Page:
"Well, so what? We're only talking about applications I approved!" OK, let's say that's true, but how do you ensure that a malicious user cannot use the application for purposes other than those for which it was intended? And at least as important – how do you ensure that malware that has infected the user's session cannot drive a setuid application programmatically to take over the system? Ensuring strict behavioral boundaries for complex software running with elevated privileges is (at best) incredibly difficult. And ensuring that it is free of exploitable design and implementation bugs is far beyond the capabilities of software engineering today. The complexity and risk compounds when you consider how many apps have extensibility points that load code that you or your IT admin may not be aware of, or that can load code or consume data from user-writable areas with minimal if any validation.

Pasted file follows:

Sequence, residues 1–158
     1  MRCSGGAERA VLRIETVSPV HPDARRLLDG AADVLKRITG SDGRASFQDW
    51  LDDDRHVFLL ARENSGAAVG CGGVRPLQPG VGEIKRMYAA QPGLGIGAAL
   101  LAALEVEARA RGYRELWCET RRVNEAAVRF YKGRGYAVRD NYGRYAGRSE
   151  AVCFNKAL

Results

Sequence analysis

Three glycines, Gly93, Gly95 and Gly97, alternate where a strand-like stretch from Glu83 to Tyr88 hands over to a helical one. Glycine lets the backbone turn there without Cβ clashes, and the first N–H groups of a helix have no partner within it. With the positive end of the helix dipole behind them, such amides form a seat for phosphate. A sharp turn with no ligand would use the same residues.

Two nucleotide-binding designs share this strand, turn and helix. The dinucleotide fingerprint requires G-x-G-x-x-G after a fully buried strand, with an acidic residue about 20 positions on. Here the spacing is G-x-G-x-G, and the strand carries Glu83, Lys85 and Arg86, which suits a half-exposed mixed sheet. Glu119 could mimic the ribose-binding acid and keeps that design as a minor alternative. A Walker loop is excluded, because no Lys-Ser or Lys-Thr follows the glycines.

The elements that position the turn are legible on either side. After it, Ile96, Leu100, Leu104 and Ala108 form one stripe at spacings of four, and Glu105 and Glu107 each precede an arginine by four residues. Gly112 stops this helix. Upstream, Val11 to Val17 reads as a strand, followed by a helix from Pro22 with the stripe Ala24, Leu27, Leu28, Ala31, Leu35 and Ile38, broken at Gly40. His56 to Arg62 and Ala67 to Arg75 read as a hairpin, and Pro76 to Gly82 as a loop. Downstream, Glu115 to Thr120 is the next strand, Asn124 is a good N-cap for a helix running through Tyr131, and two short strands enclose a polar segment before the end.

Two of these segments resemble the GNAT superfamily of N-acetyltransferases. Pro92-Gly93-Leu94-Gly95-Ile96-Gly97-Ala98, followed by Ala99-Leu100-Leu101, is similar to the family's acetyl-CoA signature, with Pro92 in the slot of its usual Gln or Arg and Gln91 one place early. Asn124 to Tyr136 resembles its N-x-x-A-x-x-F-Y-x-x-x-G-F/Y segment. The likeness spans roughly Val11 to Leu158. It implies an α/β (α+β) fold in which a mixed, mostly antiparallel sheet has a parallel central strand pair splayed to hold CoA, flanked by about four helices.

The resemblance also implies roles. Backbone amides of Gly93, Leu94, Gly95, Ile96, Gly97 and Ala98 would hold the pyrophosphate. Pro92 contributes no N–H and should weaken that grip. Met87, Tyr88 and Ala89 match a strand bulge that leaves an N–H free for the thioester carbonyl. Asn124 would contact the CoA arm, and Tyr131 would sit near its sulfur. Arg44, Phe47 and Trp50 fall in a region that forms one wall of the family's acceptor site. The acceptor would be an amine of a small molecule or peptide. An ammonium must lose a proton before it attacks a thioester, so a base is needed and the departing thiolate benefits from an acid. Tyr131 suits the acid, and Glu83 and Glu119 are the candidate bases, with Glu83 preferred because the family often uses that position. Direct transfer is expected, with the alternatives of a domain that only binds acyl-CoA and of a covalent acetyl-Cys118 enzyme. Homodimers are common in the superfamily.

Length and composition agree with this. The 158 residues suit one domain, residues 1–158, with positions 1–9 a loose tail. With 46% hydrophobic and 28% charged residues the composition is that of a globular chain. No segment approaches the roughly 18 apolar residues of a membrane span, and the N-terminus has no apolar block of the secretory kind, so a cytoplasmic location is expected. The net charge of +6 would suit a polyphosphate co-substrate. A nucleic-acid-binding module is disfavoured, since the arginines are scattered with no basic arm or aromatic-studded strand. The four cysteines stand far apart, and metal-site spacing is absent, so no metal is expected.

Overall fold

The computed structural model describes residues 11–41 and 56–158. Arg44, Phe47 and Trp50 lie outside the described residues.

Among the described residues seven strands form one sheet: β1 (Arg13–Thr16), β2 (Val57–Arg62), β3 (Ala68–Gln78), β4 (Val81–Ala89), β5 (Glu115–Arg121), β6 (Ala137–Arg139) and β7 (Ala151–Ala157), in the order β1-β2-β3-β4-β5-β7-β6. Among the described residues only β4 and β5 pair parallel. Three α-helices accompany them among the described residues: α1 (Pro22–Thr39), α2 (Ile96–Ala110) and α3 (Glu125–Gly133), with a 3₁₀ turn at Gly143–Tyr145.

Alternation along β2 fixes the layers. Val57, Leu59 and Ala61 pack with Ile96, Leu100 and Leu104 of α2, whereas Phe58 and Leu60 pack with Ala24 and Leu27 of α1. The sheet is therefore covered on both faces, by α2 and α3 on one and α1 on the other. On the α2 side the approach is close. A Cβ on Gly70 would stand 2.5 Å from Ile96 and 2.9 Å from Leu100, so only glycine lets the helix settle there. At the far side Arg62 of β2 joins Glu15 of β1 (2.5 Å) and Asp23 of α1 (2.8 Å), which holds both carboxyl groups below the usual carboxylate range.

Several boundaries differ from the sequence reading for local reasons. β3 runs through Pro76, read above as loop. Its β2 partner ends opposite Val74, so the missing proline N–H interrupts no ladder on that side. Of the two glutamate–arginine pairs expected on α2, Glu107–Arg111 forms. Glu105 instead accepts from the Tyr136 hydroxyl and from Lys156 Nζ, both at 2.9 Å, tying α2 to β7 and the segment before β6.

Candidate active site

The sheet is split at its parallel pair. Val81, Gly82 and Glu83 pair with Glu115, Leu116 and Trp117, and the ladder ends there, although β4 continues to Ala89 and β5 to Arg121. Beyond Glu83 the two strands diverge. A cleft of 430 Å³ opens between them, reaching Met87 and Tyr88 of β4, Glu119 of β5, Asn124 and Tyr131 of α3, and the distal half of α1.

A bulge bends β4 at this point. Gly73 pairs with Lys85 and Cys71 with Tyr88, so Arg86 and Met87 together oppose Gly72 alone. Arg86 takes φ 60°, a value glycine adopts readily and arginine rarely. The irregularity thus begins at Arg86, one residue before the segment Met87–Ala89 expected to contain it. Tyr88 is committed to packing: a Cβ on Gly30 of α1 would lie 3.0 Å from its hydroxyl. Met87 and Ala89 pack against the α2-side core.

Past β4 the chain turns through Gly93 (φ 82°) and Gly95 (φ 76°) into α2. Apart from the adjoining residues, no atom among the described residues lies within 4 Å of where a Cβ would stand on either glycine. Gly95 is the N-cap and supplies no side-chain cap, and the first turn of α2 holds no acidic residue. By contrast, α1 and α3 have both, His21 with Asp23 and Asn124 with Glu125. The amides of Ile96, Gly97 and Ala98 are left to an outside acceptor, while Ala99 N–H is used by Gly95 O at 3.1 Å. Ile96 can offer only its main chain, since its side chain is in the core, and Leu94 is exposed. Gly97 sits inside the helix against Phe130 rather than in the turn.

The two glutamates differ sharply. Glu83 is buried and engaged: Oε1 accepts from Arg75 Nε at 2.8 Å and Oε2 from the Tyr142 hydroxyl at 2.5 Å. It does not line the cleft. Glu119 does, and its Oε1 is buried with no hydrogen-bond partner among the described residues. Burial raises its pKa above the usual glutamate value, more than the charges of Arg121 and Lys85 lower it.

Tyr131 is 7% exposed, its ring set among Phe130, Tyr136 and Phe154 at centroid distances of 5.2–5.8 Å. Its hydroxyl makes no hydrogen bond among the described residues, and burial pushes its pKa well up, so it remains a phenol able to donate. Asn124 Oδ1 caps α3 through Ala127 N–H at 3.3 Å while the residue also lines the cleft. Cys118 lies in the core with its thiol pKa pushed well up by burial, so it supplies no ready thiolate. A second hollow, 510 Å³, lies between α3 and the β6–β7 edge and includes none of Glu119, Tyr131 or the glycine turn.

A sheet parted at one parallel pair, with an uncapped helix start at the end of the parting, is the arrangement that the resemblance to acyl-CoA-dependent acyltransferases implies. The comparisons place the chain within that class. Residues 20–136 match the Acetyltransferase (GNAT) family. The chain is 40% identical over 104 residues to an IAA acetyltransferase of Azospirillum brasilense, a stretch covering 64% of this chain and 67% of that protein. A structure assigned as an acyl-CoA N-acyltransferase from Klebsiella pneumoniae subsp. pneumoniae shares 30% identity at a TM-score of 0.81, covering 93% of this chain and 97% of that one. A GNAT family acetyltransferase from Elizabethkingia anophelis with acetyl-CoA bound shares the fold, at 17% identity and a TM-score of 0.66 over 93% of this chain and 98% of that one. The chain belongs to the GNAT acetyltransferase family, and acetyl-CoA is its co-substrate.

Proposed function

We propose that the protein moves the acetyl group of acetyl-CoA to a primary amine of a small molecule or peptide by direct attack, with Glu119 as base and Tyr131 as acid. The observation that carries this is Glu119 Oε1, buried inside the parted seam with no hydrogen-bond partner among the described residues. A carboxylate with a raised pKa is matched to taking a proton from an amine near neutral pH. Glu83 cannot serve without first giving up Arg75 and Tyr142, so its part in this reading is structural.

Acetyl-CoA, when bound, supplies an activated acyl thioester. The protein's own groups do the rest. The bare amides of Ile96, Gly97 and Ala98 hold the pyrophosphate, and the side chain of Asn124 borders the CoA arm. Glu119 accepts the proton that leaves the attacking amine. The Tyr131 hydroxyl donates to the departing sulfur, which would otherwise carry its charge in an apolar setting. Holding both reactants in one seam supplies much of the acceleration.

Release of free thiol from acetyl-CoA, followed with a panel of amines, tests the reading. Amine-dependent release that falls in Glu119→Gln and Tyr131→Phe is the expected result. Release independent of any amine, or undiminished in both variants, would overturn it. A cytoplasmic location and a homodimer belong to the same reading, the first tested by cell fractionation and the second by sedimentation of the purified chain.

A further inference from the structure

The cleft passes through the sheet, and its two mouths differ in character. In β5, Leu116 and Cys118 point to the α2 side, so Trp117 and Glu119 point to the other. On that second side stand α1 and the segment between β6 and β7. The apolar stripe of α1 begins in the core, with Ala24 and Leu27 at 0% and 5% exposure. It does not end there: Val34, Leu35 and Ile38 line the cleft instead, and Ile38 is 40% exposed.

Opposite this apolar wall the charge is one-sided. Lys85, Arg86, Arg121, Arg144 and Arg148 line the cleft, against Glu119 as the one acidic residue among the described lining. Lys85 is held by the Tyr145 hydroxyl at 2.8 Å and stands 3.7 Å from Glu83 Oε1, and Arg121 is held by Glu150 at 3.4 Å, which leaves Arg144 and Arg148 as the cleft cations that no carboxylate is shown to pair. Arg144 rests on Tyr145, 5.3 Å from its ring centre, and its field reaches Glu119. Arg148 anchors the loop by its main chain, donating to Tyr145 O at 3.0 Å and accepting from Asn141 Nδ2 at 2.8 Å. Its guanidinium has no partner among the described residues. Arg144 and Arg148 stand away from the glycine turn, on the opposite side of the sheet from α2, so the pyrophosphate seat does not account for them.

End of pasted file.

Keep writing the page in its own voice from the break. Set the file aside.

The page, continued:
Privilege escalation due to setuid and sudo has plagued Unix-like systems for many years, and continues to do so. In fact, several of the bugs in the recent Month of Apple Bugs fell into this category. Follow these links for lots more references: (*)
In the past, elevation of privilege has tended not to be noticed in Windows – there is no real "elevation" if you're already running as admin. (**) With the Vista shift toward "standard user", EoP threats become much more important, and it is vital that Windows do as much as practical to mitigate them. That is also why Windows services are no longer able to interact with the user desktop. Taking on the setuid headaches that *nix has had to live with does not seem like a profitable deal.
We expect that in ordinary day-to-day usage, users should rarely, if ever, see elevation prompts, since most should rarely, if ever, have to perform administrative tasks – and never in a well-managed enterprise. Elevation prompts are to be expected when setting up a new system or installing new software. Beyond that, they should be infrequent enough that they catch your attention when they occur, and not simply trigger a reflexive approval response. This will increasingly be the case as more software conforms to least-privilege norms, and as improvements in the Windows user experience reduces prompting further.